Hacked? Hizbul handle posts pro-India tweets, blasts Kashmir separatist leaders | india-news | Hindustan Times
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Hacked? Hizbul handle posts pro-India tweets, blasts Kashmir separatist leaders

The Twitter handle of banned militant organisation Hizbul Mujahideen began posting pro-India tweets that denounced Kashmir’s separatist leadership on Friday morning, astounding many across the Valley.

india Updated: Mar 10, 2017 21:39 IST
Toufiq Rashid
Representative picture. The Twitter handle of militant organisation Hizbul Mujahideen appeared to have been hacked on March 10, 2017, though the outfit did not issue any clarification about it.
Representative picture. The Twitter handle of militant organisation Hizbul Mujahideen appeared to have been hacked on March 10, 2017, though the outfit did not issue any clarification about it. (Getty Images/iStock Photo)

The Twitter handle of banned militant organisation Hizbul Mujahideen began posting pro-India tweets that denounced Kashmir’s separatist leadership on Friday morning, astounding many across the Valley.

While this development led observers to believe that hackers had taken control of the militant organisation’s handle, the Hizbul leadership has not issued any clarification in this regard.

The tweets under contention were critical of several important resistance leaders, including Jammu and Kashmir Liberation Front head Yasin Malik and Hurriyat Conference chairperson Syed Ali Shah Geelani.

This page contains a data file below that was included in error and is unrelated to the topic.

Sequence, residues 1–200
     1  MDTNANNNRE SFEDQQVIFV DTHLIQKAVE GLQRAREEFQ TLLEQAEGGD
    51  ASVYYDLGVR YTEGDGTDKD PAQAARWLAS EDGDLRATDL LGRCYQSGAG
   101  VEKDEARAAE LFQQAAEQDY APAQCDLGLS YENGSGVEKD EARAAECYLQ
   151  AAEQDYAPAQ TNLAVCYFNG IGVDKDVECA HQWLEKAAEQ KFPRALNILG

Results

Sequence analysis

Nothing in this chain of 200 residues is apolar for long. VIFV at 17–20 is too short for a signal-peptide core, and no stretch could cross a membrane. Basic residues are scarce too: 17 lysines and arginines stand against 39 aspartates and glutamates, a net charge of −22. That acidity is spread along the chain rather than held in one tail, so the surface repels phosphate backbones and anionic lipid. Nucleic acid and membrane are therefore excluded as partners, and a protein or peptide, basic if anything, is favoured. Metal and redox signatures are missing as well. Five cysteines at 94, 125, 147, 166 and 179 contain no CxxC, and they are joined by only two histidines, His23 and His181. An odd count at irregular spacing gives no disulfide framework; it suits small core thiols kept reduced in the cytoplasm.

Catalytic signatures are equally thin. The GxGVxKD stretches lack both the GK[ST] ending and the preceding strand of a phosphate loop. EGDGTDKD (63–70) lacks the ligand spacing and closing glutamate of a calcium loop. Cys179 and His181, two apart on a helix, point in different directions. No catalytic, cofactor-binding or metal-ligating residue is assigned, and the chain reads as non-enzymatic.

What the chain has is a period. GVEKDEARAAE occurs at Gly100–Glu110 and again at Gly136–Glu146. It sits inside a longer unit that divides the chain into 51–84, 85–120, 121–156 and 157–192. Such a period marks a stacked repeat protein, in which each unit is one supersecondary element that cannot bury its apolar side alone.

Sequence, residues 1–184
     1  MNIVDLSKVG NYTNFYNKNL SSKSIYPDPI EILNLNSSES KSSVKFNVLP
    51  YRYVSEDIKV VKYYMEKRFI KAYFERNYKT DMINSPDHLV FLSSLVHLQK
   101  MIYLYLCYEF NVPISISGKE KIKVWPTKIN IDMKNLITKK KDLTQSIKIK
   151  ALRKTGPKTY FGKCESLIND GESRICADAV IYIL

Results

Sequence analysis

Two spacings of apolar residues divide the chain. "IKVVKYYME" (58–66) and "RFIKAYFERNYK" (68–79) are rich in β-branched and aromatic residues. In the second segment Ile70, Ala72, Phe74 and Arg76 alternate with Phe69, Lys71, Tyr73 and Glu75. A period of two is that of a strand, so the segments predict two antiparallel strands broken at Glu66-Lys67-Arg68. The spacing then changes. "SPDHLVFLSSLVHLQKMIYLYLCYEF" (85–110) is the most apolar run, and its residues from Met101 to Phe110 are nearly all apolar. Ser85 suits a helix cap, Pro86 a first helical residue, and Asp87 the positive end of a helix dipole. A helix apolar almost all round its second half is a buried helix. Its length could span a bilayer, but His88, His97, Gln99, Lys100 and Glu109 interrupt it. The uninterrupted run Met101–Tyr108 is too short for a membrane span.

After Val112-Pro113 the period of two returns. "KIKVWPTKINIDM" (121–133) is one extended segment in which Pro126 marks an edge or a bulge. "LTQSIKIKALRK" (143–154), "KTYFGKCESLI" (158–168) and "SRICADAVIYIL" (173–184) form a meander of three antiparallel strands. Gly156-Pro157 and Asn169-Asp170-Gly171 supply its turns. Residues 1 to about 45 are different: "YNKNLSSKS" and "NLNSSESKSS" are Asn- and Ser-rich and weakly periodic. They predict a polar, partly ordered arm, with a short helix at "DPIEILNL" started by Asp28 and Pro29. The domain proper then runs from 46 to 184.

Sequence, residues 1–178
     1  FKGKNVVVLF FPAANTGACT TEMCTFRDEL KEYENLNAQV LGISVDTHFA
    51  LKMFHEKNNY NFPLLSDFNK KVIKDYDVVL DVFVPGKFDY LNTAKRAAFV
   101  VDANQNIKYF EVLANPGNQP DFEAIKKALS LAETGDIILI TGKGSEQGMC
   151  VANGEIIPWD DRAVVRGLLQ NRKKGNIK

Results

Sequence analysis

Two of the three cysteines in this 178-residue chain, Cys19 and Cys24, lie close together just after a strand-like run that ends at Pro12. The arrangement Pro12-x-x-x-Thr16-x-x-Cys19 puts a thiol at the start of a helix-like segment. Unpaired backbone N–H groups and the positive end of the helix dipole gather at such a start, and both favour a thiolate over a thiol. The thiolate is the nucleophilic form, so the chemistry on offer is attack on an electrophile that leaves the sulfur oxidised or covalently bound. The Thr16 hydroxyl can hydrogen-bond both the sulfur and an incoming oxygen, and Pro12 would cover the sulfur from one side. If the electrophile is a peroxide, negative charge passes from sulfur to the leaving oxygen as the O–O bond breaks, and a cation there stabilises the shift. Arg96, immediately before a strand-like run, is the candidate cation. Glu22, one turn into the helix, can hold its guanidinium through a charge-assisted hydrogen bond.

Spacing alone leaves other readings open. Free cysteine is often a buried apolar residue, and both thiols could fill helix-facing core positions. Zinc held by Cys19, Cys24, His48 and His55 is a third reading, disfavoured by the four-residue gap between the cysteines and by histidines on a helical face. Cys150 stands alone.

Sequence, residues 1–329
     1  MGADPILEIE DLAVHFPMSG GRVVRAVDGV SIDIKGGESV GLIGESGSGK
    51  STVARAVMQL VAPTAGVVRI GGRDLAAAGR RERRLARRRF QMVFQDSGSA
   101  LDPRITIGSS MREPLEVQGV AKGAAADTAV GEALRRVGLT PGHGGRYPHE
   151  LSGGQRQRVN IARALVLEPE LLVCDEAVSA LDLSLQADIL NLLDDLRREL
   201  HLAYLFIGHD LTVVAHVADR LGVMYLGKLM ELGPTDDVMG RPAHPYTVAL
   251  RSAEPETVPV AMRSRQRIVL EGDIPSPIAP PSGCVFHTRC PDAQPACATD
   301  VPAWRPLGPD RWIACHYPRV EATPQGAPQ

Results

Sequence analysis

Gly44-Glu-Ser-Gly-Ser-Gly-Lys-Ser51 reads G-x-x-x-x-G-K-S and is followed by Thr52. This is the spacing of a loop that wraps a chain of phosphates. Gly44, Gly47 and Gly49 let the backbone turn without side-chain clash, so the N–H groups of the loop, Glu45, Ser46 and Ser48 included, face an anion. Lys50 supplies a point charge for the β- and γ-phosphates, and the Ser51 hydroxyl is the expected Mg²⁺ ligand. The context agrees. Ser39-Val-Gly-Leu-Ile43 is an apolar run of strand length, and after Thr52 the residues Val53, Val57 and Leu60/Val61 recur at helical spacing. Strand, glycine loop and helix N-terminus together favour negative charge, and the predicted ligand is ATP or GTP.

“Syed Ali Shah Geelani is a puppet of Nawaz Sharif, who even tried to corrupt me and the Hizbul with money and land in Pakistan,” one of the tweets read. “I implore the people of Kashmir to openly denounce those like Syed Ali Shah Geelani & Yasin Malik.”

Accusing Geelani’s children of having “large businesses” and being “very wealthy”, the tweets accused him of spreading mayhem in Kashmir at the cost of its people.

The first tweet by hizbmedia, which came around 10 am, said Hizbul chief Syed Salludin had realised his mistake and now desired peace with India. Another said “peace would return to Kashmir”, and “dialogue was the only way” to solve the state’s problems.

The alleged hackers posted photographs of Kashmiri women and children, identifying them as the families of militants who now wanted to make a homecoming. “We are returning to India as good souls of Allah. Please save our families,” the last tweet read.